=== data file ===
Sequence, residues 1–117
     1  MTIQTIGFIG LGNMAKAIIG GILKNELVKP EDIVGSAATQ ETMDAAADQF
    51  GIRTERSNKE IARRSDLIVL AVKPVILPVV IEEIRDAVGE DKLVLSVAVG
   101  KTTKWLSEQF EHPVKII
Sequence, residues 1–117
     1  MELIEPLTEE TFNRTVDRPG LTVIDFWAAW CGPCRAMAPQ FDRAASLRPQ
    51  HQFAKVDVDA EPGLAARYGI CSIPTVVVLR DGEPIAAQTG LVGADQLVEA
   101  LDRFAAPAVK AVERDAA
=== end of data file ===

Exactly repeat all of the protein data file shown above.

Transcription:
Sequence, residues 1–117
     1  MTIQTIGFIG LGNMAKAIIG GILKNELVKP EDIVGSAATQ ETMDAAADQF
    51  GIRTERSNKE IARRSDLIVL AVKPVILPVV IEEIRDAVGE DKLVLSVAVG
   101  KTTKWLSEQF EHPVKII
Sequence, residues 1–117
     1  MELIEPLTEE TFNRTVDRPG LTVIDFWAAW CGPCRAMAPQ FDRAASLRPQ
    51  HQFAKVDVDA EPGLAARYGI CSIPTVVVLR DGEPIAAQTG LVGADQLVEA
   101  LDRFAAPAVK AVERDAA